This study provides an in-depth overview of our minimally invasive JS-AVS experience in 768 patients who underwent isolated primary aortic valve procedures over a 16-year period.


Methods

This is a retrospective review of a single-center prospective database. A total of 768 patients underwent primary isolated JS-AVS (excluding redo-, aortic root- and ascending aorta procedures) between 1 October 1997 and 31 August 2014. The relevant preoperative patient characteristics and clinical data are described in Table 1. The pre-operative aortic valve characteristics are detailed in Table 2.

Table 1
Table 1 Patient characteristics and clinical data (N=768)
Full table
Table 2
Table 2 Pre-operative aortic valve characteristics: surgical indications and valve pathology (N=768)
Full table

Surgical technique and in-hospital treatment pathway

Our surgical technique for MI-AVS has been extensively described (3,13-16). We utilize a 4 to 8 cm midline skin incision starting at the manubrium-sternal joint and perform a partial upper JS-AVS with an oscillating saw down to either the 3rd or 4th right intercostal space depending on the patient body habitus (Figure 1).

Figure 1 JS-AVS exposure. JS-AVS, J-sternotomy aortic valve surgery.

We prefer direct antegrade ascending aortic cannulation and percutaneous femoral- and internal jugular venous cannulation via Seldinger technique (Figure 2). Combinations of femoral artery and vein cannulation through a 3 to 4 cm oblique incision in the groin may be used in selected patients with short aortas or impaired working space.

Figure 2 Cannulation setup for JS-AVS. Note the direct ascending aorta- and percutaneous right femoral vein cannulation. The right internal jugular vein for upper body drainage is not visible in this picture. JS-AVS, J-sternotomy aortic valve surgery.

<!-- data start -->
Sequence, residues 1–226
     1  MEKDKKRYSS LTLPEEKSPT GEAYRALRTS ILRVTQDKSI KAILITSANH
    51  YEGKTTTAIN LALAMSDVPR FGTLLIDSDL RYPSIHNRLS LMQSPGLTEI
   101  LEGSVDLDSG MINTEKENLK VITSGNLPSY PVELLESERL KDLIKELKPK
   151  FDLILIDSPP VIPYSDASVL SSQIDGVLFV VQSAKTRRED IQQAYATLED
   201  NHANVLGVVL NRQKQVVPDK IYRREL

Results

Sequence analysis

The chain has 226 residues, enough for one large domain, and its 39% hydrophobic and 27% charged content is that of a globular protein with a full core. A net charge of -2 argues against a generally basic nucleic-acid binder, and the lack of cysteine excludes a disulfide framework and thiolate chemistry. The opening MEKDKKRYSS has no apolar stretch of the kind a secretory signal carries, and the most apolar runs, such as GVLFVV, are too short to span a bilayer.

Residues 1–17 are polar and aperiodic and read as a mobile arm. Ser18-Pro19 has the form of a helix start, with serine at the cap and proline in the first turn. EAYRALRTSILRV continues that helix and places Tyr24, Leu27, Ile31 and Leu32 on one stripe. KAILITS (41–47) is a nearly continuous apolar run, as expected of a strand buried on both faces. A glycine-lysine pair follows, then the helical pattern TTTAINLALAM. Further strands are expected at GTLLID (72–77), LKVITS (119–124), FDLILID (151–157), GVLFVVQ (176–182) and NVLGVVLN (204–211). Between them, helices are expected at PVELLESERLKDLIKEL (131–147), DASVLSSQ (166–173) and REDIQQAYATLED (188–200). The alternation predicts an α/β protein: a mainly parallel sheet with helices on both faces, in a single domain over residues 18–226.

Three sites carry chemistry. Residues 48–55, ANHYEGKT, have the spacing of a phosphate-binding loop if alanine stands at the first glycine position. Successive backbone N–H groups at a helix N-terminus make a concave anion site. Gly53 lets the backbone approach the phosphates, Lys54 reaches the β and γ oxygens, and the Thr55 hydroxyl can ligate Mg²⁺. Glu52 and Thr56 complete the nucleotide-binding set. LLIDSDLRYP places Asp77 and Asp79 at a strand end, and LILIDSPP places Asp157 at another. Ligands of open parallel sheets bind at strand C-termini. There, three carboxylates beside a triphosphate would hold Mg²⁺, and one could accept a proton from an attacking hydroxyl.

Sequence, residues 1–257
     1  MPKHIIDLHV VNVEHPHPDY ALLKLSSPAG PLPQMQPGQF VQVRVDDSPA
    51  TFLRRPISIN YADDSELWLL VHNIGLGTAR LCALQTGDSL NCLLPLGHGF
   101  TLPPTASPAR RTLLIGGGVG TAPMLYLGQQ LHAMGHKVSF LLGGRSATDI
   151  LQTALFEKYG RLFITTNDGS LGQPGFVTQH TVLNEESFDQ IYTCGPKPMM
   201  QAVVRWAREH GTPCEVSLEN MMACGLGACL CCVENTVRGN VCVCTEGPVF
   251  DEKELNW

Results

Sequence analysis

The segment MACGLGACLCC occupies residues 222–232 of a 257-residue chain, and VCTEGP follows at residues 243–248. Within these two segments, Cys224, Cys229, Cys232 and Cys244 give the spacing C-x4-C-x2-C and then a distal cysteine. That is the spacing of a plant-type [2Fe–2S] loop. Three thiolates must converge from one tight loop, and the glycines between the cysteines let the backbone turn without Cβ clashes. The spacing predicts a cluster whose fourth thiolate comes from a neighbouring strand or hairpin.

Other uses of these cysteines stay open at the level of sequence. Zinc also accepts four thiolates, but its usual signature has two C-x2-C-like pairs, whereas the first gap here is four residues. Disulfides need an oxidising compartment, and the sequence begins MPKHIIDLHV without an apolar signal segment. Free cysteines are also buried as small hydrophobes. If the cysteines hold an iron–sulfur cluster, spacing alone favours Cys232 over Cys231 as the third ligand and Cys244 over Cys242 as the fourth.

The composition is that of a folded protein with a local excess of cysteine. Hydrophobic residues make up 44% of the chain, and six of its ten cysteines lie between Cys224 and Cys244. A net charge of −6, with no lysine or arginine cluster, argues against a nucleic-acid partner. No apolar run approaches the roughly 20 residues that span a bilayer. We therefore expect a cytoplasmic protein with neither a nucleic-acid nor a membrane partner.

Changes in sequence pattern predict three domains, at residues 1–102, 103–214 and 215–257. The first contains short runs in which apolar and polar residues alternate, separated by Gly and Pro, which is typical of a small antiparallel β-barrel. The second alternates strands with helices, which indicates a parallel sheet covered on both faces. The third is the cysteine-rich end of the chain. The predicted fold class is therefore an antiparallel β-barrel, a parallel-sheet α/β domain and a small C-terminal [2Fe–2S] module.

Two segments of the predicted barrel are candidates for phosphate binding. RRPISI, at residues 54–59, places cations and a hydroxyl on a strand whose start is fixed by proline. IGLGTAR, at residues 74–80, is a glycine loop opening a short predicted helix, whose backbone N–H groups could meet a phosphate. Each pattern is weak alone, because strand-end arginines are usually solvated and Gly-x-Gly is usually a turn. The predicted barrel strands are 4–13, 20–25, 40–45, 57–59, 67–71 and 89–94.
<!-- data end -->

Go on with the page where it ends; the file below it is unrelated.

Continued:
We use cold crystalloid cardioplegia in addition to mild systemic cooling (32 degrees) for myocardial protection. We induce cardioplegic arrest via the aortic root and maintain arrest by intermittent direct ostial cardioplegia delivery. Left ventricular distension is prevented by intermittent antegrade aortic root venting in cases of severe aortic valve incompetence.

Incision and closure of the aorta, valve excision and prosthetic implantation are all performed using standard instrumentation. Our de-airing strategy includes continuous CO2 flooding of the operative field, antegrade aortic root vent and transesophageal echocardiography (TEE) confirmation of de-airing efficiency in all cases.

Cardio-respiratory support, sedation and analgesia are administered as indicated in intensive care. Post-operative chest tubes are routinely removed 48 hours post-operatively and all patients receive structured in-hospital- and post-discharge rehabilitation.

Anti-coagulated therapy with fenprocoumon (3M Health Care Ltd) is initiated and stabilized in-hospital and continued for three months, with conversion to acetyl salicylic acid in the absence of persistent post-operative AF or mechanical valve implantation.

Follow-up